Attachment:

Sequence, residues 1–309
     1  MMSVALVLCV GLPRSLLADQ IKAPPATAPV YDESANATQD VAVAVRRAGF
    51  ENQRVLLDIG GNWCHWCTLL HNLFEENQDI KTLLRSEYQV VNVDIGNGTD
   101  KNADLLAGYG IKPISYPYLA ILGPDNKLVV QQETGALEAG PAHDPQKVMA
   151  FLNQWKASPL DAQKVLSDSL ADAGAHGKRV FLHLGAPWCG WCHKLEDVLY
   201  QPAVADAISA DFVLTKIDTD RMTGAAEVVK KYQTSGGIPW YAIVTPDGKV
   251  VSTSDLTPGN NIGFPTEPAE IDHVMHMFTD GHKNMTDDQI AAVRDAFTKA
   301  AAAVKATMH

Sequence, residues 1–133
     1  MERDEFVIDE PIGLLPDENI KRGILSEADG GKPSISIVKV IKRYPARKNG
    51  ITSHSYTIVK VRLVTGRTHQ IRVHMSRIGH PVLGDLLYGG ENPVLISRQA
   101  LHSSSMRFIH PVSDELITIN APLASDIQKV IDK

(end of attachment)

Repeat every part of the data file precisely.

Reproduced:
Sequence, residues 1–309
     1  MMSVALVLCV GLPRSLLADQ IKAPPATAPV YDESANATQD VAVAVRRAGF
    51  ENQRVLLDIG GNWCHWCTLL HNLFEENQDI KTLLRSEYQV VNVDIGNGTD
   101  KNADLLAGYG IKPISYPYLA ILGPDNKLVV QQETGALEAG PAHDPQKVMA
   151  FLNQWKASPL DAQKVLSDSL ADAGAHGKRV FLHLGAPWCG WCHKLEDVLY
   201  QPAVADAISA DFVLTKIDTD RMTGAAEVVK KYQTSGGIPW YAIVTPDGKV
   251  VSTSDLTPGN NIGFPTEPAE IDHVMHMFTD GHKNMTDDQI AAVRDAFTKA
   301  AAAVKATMH

Sequence, residues 1–133
     1  MERDEFVIDE PIGLLPDENI KRGILSEADG GKPSISIVKV IKRYPARKNG
    51  ITSHSYTIVK VRLVTGRTHQ IRVHMSRIGH PVLGDLLYGG ENPVLISRQA
   101  LHSSSMRFIH PVSDELITIN APLASDIQKV IDK